So far, the main focus of digital transformation has been all about prevention:
- Preventing phone calls and in-person visits
- Preventing paper-based processes
- Preventing duplication of effort
- Preventing long term issues
- Preventing paper-based notifications
Some directions that future phases of digital transformation could take could include
- Artificial Intelligence-Driven Automation. I’ve written in the past about how intelligent council websites could make educated guesses about what individual users are interested in based on information which the council’s website can already determine about the user - eg, their location, the weather, the time of day or the season of the year, whether they have council tax accounts with us or not, what the pages they most often visit are, etc. AIDA could be about service areas having computers to predict things which are likely to happen based on what’s happened in the past - if it rains, which street’s bins are least likely to be collected, if it snows, where are more potholes likely to appear, if it’s hot, which leisure centres and swimming pools are most likely to get overcrowded, etc. These kinds of predictions based on the wealth of data we’ve accumulated over the years can enable us to more target and prioritise work in order to better serve our citizens before they realise they need serving - and if it’s a service where it is appropriate for that AI to act automatically, then our citizens can be better served before we even realise they need service.
- True Local Government as a Platform (LGaaP). A lot of council service delivery and service management work is reasonably common in its needs - we have services which need to send bills, take payments, instigate recovery action against people who don’t pay, make payments back to people, take requests, case manage those requests, send notifications. So why do we have separate council tax billing and payment systems, car park season ticket payment systems, penalty charge notice for overstaying parking or straying into a bus lane payment systems, and payment systems to allow people to book a bulky waste collection or subscribe to a commercial waste collection? Why do we have completely separate systems for logging and managing pothole reports, reporting bin collections which haven’t happened, booking bulky waste collections, booking a squash court at the local leisure centre, etc? True LGaaP will recognise that life can be much simpler for council staff, council service designers, and council citizens if these disparate disconnected systems were replaced with single systems which can be configured individually for each particular service’s particular needs. With, of course, the appropriate backup and resilience systems put in place to reduce the possibility of ‘the system’ going down, and if the system does go down, the work of the council can continue until it’s restored.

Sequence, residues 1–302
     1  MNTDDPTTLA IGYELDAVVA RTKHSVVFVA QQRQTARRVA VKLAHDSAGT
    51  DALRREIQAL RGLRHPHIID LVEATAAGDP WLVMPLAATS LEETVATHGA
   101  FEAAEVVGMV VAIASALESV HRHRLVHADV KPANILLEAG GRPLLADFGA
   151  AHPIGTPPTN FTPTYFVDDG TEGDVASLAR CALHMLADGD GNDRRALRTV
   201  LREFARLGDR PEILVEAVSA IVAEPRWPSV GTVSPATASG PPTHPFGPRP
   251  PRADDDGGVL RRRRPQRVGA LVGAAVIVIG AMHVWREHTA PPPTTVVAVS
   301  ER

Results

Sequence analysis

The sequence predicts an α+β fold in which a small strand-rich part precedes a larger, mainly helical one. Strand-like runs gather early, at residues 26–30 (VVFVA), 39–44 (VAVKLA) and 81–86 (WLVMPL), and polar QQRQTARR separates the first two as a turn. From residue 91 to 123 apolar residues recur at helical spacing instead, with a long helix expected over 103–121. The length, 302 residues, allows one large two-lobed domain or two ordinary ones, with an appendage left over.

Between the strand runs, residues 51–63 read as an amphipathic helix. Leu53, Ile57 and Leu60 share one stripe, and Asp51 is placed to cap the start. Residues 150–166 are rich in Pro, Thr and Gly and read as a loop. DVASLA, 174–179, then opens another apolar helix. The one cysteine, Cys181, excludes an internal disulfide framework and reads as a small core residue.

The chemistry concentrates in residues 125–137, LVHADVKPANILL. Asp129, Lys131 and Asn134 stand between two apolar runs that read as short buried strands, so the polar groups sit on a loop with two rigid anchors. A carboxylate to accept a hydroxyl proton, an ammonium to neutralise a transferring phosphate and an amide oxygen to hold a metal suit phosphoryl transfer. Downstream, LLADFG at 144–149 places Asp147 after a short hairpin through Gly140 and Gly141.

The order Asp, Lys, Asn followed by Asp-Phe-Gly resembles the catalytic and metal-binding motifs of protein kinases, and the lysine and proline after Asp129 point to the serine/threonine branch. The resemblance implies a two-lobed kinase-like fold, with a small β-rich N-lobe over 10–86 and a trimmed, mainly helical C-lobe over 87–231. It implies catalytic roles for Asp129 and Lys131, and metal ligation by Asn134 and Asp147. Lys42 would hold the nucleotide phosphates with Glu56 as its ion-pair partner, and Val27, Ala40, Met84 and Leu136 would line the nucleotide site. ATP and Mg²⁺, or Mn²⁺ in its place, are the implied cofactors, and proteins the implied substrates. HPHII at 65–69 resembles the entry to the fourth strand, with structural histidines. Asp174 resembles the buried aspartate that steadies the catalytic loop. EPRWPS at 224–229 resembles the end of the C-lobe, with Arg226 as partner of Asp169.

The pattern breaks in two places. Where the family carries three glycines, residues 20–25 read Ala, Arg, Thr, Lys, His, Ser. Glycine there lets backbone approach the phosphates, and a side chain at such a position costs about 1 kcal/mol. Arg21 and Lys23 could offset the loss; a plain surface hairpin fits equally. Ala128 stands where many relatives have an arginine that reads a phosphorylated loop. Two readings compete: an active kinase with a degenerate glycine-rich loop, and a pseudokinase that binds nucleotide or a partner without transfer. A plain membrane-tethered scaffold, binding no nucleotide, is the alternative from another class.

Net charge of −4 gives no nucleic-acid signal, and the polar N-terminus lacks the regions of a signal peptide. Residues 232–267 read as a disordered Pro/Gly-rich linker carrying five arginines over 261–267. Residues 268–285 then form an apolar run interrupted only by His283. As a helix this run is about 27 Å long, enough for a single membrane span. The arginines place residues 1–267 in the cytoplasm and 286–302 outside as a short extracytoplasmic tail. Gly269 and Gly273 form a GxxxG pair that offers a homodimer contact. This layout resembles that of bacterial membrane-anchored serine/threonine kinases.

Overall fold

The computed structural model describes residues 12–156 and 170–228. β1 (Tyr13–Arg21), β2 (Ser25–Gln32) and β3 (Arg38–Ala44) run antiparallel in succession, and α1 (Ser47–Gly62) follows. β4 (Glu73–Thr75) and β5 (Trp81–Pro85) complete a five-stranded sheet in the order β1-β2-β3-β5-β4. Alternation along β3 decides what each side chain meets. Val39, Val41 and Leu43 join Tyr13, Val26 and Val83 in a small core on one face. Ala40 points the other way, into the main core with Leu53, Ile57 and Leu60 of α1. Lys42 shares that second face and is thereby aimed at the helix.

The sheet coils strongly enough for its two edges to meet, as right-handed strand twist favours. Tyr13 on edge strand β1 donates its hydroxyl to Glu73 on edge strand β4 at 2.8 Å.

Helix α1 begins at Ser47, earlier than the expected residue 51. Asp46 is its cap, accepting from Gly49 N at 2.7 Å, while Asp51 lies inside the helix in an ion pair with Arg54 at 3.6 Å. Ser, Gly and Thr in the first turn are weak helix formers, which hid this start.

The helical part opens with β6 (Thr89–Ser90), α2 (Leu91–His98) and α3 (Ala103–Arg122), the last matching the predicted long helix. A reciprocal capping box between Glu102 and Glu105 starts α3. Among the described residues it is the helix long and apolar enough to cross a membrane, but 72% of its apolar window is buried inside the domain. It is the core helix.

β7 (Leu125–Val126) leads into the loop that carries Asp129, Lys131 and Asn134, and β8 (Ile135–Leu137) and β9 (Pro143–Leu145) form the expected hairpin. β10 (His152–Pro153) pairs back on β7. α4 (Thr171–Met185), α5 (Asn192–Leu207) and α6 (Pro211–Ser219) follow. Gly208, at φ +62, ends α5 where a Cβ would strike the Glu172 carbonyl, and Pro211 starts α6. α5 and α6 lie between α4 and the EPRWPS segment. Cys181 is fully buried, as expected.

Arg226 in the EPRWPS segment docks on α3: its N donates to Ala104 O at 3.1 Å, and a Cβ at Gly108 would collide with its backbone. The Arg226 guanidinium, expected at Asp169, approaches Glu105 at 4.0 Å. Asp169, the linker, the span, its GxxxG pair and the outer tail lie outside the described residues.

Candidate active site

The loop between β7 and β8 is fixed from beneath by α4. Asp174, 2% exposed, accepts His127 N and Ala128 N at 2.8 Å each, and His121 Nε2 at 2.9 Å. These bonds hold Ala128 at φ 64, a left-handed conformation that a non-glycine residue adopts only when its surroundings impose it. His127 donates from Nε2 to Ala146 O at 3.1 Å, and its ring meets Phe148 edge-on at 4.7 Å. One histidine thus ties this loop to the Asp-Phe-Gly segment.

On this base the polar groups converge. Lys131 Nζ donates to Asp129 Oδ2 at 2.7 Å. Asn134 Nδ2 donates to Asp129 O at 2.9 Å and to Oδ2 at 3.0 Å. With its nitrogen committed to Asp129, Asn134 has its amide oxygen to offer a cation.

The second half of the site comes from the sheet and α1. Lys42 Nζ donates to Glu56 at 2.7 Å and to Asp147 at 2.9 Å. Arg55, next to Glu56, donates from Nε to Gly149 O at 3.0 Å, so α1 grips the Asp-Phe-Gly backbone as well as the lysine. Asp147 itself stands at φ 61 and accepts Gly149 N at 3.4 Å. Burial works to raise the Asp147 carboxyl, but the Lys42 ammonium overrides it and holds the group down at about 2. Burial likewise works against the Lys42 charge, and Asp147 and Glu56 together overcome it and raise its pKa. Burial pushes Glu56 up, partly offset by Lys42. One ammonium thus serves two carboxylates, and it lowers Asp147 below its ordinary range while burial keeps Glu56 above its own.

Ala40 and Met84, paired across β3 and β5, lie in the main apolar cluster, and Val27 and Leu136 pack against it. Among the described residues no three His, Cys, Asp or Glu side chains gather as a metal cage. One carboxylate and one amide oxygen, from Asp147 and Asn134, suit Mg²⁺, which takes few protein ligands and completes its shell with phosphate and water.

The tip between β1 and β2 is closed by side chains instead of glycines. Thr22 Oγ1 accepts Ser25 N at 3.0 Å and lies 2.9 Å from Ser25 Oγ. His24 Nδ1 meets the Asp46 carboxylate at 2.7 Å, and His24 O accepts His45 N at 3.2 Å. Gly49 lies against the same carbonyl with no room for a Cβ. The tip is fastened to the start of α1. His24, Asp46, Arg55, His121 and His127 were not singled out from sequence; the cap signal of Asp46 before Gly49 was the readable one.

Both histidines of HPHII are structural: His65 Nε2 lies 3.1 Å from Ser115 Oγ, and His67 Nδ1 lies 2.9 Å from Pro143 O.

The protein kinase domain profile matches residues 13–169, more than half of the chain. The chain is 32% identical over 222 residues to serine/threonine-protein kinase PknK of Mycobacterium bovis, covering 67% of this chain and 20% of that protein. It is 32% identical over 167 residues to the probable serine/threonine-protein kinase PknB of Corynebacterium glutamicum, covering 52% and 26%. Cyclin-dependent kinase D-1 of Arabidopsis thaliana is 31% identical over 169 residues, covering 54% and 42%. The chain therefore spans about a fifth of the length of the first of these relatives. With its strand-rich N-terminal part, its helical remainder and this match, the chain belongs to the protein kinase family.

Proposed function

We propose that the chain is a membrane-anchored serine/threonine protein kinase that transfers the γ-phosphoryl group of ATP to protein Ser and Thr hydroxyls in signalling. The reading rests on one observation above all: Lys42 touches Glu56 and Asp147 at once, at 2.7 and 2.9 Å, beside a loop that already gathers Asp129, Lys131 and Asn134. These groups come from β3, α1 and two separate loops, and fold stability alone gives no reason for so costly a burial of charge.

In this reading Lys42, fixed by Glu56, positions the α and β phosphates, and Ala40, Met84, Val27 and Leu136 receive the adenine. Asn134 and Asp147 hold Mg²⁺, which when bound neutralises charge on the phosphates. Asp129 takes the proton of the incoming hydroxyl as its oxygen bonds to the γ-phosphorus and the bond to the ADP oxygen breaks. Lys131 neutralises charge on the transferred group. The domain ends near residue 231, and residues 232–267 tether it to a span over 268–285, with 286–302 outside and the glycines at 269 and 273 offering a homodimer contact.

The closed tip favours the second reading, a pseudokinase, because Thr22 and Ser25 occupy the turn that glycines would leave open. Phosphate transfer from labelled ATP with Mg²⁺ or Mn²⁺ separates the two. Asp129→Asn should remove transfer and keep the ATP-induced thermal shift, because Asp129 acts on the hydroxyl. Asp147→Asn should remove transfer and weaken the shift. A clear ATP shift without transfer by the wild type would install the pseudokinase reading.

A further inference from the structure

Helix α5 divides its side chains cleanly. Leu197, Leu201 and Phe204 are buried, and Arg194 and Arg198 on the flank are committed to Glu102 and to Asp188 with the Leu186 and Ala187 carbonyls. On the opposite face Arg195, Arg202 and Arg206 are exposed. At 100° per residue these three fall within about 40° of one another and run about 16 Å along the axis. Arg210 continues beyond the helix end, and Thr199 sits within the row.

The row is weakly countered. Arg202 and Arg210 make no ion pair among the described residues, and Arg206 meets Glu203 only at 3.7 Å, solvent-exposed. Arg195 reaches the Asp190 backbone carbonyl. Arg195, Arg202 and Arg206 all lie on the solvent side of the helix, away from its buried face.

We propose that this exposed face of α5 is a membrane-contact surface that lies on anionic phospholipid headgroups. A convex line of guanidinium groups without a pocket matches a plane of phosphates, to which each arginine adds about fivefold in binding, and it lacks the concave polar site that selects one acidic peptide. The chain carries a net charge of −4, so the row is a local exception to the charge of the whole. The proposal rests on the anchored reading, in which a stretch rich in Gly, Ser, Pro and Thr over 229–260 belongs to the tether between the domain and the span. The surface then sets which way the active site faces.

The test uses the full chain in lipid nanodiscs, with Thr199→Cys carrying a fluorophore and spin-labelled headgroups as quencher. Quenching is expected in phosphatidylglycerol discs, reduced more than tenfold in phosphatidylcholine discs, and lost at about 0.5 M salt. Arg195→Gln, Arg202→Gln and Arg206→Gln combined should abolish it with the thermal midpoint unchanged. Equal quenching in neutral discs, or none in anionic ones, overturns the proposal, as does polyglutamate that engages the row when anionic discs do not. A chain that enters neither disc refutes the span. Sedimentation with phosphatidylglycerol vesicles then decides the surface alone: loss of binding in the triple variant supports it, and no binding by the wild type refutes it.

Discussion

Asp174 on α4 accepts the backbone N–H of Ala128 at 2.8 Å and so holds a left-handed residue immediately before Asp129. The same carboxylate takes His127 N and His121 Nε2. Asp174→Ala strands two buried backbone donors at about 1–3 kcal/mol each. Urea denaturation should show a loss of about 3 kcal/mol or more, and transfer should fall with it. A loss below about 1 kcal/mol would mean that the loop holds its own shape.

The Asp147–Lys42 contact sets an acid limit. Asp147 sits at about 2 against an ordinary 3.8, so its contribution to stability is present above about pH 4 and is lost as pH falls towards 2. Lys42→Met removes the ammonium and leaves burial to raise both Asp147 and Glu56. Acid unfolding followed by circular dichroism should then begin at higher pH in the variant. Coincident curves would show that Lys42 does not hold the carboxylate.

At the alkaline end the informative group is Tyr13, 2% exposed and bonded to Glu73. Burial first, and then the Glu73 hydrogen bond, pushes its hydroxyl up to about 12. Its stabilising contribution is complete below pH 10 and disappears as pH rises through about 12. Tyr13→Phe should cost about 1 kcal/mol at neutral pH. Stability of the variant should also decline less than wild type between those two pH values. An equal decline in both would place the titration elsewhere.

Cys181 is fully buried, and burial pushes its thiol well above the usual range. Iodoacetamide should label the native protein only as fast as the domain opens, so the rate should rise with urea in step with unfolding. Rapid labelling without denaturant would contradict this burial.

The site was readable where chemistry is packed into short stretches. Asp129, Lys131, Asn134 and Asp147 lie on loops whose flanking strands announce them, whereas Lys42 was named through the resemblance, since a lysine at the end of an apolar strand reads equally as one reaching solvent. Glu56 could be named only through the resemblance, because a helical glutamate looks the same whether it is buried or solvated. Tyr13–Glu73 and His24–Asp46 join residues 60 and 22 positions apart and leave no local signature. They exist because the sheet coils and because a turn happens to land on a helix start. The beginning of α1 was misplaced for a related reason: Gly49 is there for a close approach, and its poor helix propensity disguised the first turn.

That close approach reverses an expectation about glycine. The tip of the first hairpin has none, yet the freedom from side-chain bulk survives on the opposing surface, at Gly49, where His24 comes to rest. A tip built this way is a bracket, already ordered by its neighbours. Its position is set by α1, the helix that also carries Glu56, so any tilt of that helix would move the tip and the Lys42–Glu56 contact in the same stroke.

- Two-way integration between central government and local government. There are some areas of life where the boundary between services provided by local government and services provided by central government are blurred, cross over, or are simply downright confusing. The benefits system is the obvious case here, but other services also have a degree of crossover - health and social care services are another big area, but even things as mundane as trying to report an abandoned vehicle will ultimately end up being dealt with by or require input from a central government agency or a local government agency depending on the unique circumstances surrounding the vehicle. Getting so far into a process only to at some point be told ‘ah, it’s not us you need to tell, it’s them’ is incredibly frustrating for a person, especially if you need to start again providing information you’ve already provided. The Government Digital Service have already created some tools as part of their mission of Government as a Platform - a notification service, a payment service, and an authentication service - these tools could be made available to local government as part of facilitating such two way integration.